Powerless to pay the bills: food and electricity costs proving too much

BIG ISSUE: St Vincent de Paul diocesan executive officer  Frank Moes says after the charity’s clients pay their bills, there is little money left over for food.

BIG ISSUE: St Vincent de Paul diocesan executive officer Frank Moes says after the charity’s clients pay their bills, there is little money left over for food.

PEOPLE struggling to pay their energy bills are increasingly being forced to relying on charities to put food on the table.

St Vincent de Paul diocesan executive officer Frank Moes says 90 percent of the charity’s clients receive Centrelink payments that don’t adequately cover the cost of living.

“It’s really not enough money to participate in society,” he said.

Mr Moes said after the charity’s clients paid their bills, often there was little money left over for food.

“Big electricity bills are definitely a huge issue for people, but most of the money we spend on helping people is spent on food,” Mr Moes said.

“Fruit and vegetables are reasonably pricey and meat is very expensive.”

Mr Moes said during the three-month period from June to August last year the Orange branch of St Vincent de Paul, which covers Orange and the small towns in close proximity, spent $56,000 on assisting clients.

“Of that $56,000, $46,000 was spent on food,” Mr Moes said.

“We spend an enormous amount of money on food. Often people are able to cover all of their bills but they just can’t pay for their food.”

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St Vincent de Paul offers clients food parcels containing a range of essential items that have been approved by a nutritionist.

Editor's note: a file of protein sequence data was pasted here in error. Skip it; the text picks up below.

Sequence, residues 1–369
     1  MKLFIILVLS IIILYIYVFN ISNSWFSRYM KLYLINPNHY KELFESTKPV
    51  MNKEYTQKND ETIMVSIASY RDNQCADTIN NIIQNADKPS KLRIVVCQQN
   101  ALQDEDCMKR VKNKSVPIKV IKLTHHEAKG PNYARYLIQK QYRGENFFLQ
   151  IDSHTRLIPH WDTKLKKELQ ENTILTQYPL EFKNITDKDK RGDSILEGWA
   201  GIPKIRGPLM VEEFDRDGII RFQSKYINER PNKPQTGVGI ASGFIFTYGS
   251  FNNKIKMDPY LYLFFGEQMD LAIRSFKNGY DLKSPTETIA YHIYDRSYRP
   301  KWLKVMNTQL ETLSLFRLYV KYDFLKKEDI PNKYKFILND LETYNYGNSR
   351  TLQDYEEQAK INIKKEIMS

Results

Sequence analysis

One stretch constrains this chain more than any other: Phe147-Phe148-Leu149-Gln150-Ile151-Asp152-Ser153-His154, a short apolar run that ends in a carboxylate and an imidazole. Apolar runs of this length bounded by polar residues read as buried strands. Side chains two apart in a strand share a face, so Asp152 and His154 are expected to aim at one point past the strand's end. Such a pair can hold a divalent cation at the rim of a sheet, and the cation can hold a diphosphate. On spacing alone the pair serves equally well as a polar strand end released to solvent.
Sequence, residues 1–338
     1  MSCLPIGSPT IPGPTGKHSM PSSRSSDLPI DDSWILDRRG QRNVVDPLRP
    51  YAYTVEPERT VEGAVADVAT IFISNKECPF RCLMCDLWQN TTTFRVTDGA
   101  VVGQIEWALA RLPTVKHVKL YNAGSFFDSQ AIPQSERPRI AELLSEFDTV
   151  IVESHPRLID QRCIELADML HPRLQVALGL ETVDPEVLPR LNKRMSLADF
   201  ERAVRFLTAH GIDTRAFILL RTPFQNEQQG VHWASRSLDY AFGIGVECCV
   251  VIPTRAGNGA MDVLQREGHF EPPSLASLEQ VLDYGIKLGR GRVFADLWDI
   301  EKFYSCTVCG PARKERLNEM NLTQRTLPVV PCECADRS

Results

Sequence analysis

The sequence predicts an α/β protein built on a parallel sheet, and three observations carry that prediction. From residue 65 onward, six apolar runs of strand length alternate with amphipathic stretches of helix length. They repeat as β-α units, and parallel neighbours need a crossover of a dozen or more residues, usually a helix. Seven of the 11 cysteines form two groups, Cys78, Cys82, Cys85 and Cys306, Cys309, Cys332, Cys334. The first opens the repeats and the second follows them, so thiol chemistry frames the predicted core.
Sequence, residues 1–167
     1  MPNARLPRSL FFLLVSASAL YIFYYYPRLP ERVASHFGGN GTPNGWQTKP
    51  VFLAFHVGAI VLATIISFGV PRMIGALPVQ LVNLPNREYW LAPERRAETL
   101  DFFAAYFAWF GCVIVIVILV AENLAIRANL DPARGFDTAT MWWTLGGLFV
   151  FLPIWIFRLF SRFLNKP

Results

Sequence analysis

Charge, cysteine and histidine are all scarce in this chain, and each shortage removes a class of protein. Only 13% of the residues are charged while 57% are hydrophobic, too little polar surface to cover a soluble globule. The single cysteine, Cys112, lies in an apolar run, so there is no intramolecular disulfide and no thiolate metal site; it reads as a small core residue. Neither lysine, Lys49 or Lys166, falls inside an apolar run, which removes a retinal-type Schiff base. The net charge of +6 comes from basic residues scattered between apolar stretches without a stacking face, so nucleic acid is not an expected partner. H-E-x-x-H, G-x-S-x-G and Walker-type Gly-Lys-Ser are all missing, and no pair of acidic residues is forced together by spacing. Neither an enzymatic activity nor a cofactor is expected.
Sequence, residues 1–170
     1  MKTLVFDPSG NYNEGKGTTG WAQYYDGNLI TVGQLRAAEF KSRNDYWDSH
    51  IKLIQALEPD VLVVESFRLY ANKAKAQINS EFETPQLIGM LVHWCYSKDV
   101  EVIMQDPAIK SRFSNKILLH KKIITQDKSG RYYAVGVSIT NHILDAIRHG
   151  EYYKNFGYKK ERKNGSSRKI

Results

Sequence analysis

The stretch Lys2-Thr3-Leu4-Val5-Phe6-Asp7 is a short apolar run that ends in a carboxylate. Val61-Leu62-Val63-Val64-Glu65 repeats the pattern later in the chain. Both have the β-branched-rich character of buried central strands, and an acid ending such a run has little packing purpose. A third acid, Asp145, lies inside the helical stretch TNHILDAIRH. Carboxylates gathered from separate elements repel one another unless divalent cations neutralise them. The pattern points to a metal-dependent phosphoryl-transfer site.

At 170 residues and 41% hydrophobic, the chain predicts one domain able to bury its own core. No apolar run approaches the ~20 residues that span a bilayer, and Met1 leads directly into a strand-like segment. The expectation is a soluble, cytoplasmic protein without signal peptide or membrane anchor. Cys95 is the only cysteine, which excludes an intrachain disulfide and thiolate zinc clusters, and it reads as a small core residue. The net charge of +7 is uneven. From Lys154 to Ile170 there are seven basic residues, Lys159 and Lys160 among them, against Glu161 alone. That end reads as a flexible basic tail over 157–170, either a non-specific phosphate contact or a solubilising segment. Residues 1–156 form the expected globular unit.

Mr Moes said the cost of food was often the only thing clients felt had some flexibility.

“There are very little things you can negotiate with, you can’t ask the RTA to negotiate the cost of registering your car, and maybe people think it’s easier to pay their bills and try and get food assistance.”

St Vincent de Paul conference member Marie Wilkins, who is in regular contact with the charity’s clients, said an increasing number of elderly people required the charity’s services.

“We’re seeing more of them [the elderly] since the cost of electricity and the general cost of living has gone up,” Mrs Wilkins said.

“They often don’t like coming in and feel embarrassed but they just can’t make ends meet.”

As the cold weather takes hold Mrs Wilkins expects more people from all walks of life to be forced to turn to the charity for help.

tracey.prisk@fairfaxmedia.com.au

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